few comedians understand the value of free speech like eugene mirman.
his scientist parents fled government oppression and censorship in pre-glasnost russia. they eventually settled in massachusetts, where a young eugene was not only strange because he was a weird kid into science and language and difficult prose, but because, as his classmates would often point out (while literally pointing at him), he was a dirty, filthy communist. this was reagan-era america, where the accusation of being a commie wasn’t the punchline to a hipster joke or a murmured aside from karl rove at a dinner party, but a scathing indictment of one’s world view, or at least a convenient tool of social ostracism.
eugene was a weird kid and he was reminded of it every day.
undaunted, and with steely eastern european determination, eugene turned that weirdness into an asset, becoming a comedian and opening for alt bands like the shins and modest mouse, creating his own unique brand of humor, and launching an eponymous comedy festival that is at once shockingly ambitious and delightfully successful. eugene’s weirdness matured into funny, and that funny matured into a unique and diverse career for which eugene has never once had to pretend to be normal. ain’t democracy grand?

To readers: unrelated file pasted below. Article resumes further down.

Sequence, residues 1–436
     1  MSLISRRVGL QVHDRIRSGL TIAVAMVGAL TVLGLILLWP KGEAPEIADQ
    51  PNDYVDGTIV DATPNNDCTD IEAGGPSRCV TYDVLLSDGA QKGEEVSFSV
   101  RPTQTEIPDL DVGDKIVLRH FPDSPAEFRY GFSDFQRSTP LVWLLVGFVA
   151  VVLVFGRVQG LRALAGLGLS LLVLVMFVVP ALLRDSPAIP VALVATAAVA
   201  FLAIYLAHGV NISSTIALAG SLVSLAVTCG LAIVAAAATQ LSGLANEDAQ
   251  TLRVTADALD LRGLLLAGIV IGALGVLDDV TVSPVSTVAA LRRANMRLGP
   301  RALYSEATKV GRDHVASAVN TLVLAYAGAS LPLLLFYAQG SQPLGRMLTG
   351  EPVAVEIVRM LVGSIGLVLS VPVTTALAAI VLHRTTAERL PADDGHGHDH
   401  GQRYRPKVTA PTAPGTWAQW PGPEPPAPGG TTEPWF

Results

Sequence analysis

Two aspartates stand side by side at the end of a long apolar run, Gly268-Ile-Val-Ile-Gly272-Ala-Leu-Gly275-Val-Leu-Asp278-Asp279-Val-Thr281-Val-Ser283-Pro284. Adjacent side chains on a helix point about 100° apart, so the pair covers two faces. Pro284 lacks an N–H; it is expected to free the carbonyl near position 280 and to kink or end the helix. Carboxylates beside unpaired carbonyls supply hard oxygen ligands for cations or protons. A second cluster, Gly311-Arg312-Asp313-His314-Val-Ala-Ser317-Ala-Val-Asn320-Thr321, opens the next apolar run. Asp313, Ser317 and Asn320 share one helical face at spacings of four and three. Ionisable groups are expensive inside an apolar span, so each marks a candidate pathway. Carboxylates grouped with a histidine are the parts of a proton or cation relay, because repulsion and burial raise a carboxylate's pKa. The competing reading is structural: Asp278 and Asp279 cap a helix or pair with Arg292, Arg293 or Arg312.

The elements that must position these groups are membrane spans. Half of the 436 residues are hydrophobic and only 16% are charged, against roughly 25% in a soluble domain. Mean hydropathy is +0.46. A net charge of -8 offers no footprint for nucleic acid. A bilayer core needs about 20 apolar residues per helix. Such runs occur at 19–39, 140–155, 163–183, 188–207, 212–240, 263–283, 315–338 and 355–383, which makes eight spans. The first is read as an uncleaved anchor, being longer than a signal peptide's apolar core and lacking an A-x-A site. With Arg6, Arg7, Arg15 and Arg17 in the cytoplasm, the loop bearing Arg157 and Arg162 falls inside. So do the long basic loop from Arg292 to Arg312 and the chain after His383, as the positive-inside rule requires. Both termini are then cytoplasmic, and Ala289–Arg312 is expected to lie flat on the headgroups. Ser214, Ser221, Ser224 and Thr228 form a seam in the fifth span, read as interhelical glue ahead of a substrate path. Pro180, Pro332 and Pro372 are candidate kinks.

join comic émigré eugene mirman and aisha as they wander through fleeing censorship, enduring taunts, doggie suicide, creepy love letters, hating cable companies, losing festivals, the death of aspen, and helping the audience laugh. plus aisha wants some barbecue, and how eugene met jon .
girl on guy needs to change its shirt.